Wood Hat Spirits is a true, local, field-to-glass distillery producing heirloom corn whiskeys, bourbons and cordials. Gary Hinegardner, owner and distiller of the New Florence, Missouri-based distillery, has incorporated his education, life experiences and ingenuity to create an array of nationally award-winning spirits.
Hinegardner wanted his latest venture to focus on local Missouri agriculture, creating the locavore experience, quite literally from the ground up. He witnessed that barrels used to make scotch and whiskey, both domestically and internationally, were being produced from Missouri oak trees. From there, he quickly ticked through the mental checklist: “We have the barrels, corn, wheat, weather: Why don’t we make our own whiskey? I went to the east coast, west coast, many places in between, and Scotland. I couldn’t find a reason why we didn’t – so I just decided to do it.” Wood Hat Spirits, named for Hinegardner’s signature handmade wood hat, was born in 2013, becoming a true field-to-glass distillery.
Wood Hat’s first distillation was made with blue corn, a distinction from the yellow corn at the base of the majority of American-made bourbons and whiskeys. Blue corn, an heirloom corn, rich in history, holds high esteem in many cultural and religious traditions. “Blue corn is the holy corn, Sunday corn, holiday corn,” Hinegardner describes. “I said, let’s make whiskey with that, something people have determined over centuries is good to eat.”
Since Wood Hat’s conception, Hinegardner has added even more variety to his heirloom corn repertoire, blending red and white corn with his signature blue in the All-American Corn Whiskey. The blend of the three corns creates a unique mouth experience – smooth up front with a subtle finish, but, as he describes, “it gets with it really quick with a spicy, peppery mid-palate.”
Hinegardner works with local friends who farm to grow grain for his mash, which he distills in small batches then ages the distillate in 15-gallon barrels. Rather than using the industry-typical 53 gallon barrels, the smaller barrels allow faster aging and quicker feedback to improve quality. He also began working with a local cooper to select the wood, the age of the wood and the barrel size. They chose the chinquapin oak for its mellow tannins. With the heirloom corn and smaller chinquapin barrel, Hinegardner had, as he describes it, a magic combination.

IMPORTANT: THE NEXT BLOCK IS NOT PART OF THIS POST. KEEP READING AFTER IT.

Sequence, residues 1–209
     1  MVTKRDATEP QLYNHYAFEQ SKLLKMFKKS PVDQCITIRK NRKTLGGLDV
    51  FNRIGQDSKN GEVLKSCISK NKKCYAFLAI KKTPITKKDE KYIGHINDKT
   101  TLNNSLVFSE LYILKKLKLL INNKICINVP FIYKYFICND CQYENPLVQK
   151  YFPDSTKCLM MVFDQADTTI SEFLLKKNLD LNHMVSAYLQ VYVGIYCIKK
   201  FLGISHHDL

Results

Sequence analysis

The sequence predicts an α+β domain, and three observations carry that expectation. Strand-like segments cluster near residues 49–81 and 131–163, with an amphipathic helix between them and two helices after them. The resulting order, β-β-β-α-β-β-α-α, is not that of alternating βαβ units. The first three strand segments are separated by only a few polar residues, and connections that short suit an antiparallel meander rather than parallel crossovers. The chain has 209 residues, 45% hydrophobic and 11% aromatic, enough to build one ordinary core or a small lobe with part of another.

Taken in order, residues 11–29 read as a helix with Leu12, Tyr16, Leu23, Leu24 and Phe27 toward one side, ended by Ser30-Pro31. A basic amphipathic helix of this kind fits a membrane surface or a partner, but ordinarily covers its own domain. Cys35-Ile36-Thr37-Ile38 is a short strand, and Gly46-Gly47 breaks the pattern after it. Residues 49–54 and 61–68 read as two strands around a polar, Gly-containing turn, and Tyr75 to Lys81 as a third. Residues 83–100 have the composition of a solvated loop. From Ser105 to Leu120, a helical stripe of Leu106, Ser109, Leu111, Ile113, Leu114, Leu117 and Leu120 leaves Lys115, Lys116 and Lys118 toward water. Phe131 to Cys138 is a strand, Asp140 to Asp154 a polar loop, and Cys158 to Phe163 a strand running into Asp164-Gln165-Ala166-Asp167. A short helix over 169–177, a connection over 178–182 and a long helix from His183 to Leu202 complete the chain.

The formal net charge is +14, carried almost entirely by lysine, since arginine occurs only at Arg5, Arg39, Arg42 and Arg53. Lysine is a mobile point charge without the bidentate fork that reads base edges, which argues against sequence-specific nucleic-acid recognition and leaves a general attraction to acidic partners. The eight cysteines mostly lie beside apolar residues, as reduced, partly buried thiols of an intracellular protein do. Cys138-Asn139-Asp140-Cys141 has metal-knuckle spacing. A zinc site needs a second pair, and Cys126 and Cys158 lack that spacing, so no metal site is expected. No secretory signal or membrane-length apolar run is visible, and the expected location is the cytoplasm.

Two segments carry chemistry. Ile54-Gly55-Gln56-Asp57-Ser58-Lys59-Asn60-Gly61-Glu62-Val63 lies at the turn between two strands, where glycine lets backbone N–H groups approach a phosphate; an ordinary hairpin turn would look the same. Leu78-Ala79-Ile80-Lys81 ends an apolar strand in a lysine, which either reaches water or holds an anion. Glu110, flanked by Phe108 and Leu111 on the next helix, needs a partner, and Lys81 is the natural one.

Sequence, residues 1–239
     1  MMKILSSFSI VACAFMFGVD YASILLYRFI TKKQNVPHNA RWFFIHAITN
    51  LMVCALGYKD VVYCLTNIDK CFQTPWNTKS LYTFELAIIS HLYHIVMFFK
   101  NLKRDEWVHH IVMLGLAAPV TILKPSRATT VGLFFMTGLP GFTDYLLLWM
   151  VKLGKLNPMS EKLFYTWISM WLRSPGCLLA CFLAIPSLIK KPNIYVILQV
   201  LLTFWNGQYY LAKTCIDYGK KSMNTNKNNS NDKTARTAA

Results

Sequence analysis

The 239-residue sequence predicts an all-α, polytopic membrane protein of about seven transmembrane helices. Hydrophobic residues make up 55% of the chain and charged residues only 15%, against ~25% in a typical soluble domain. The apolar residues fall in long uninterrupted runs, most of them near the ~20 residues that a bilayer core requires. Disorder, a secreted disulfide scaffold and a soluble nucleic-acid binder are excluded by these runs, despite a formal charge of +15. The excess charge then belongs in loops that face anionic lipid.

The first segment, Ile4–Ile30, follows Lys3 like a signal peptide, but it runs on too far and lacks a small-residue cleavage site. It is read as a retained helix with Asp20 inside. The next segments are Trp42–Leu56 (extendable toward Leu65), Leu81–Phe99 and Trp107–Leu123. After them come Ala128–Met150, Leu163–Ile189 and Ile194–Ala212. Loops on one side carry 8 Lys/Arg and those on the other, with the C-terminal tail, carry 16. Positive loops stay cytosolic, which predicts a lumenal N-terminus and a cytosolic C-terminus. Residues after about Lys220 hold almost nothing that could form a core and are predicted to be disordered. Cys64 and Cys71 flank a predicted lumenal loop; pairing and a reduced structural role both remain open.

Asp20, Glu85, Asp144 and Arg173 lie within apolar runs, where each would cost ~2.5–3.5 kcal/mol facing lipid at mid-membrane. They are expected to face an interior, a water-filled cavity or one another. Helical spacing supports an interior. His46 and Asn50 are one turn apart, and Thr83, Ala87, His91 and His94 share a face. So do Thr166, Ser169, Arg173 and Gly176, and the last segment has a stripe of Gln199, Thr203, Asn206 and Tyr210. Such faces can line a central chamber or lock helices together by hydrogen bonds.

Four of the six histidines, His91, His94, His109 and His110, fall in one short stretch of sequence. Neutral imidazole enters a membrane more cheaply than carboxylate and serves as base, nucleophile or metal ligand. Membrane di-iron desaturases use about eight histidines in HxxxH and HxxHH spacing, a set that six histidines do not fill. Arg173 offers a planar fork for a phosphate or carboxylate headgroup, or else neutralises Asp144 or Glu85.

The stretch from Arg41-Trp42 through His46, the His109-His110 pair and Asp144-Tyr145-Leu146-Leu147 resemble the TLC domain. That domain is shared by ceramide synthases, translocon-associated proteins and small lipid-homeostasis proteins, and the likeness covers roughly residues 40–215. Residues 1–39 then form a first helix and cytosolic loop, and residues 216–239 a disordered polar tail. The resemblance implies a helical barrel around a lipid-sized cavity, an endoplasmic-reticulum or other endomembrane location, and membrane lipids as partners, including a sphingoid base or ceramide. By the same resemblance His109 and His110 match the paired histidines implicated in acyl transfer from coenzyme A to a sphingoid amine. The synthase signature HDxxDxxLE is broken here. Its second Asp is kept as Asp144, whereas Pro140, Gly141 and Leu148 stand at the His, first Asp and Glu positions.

His variety of distillations now includes an ever-expanding selection of whiskeys, bourbons and one-of-a-kind fruit and nut cordials, carefully experimenting to create his new products. Hinegardner’s Double Wood Bourbon takes Wood Hat’s best-seller, 100-proof Bourbon Rubenesque, and finishes it in a barrel made of charred pecan wood, resulting in a product that has a bigger, longer body and unique, pleasant finish. “It leaves your mouth in just a really nice place,” Hinegardner says.
For his Brew Barrel Bourbon, Hinegardner loans his bourbon barrels to a brewery for aging their beer. When brought back to Wood Hat, the same barrels are refilled with the Rubenesque to further age, resulting in a smooth finish. “Five bourbons are made in Missouri,” Hinegardner says. “And we make four of them.”
Wood Hat has the distinction of being the only wood-fired distillery in the U.S., using scrap wood from a nearby stave mill. “Like using every part of the pig,” Hinegardner says. “We heat with wood and we cool with either ambient air or geothermal. We pride ourselves in using local, renewable resources and leaving a low carbon footprint.”
In between innovation and experimentation, Hinegardner hopes to give Wood Hat Spirits even more exposure statewide. Future plans include broadening their distribution and improving efficiency of production. Wood Hat Spirits’ products are now being distributed throughout the state by Lohr Distributing and can be found in most major liquor stores and a growing number of bars and restaurants.
Wood Hat Spirits, 489 Booneslick Road, New Florence, Missouri, 573.835.1000, woodhatspirits.com